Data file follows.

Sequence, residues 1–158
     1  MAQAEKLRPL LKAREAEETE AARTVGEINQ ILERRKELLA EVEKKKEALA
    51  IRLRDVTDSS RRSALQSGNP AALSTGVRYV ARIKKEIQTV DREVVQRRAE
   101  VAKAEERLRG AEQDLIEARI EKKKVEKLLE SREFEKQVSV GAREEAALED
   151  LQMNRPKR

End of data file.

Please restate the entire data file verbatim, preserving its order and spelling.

Sequence, residues 1–158
     1  MAQAEKLRPL LKAREAEETE AARTVGEINQ ILERRKELLA EVEKKKEALA
    51  IRLRDVTDSS RRSALQSGNP AALSTGVRYV ARIKKEIQTV DREVVQRRAE
   101  VAKAEERLRG AEQDLIEARI EKKKVEKLLE SREFEKQVSV GAREEAALED
   151  LQMNRPKR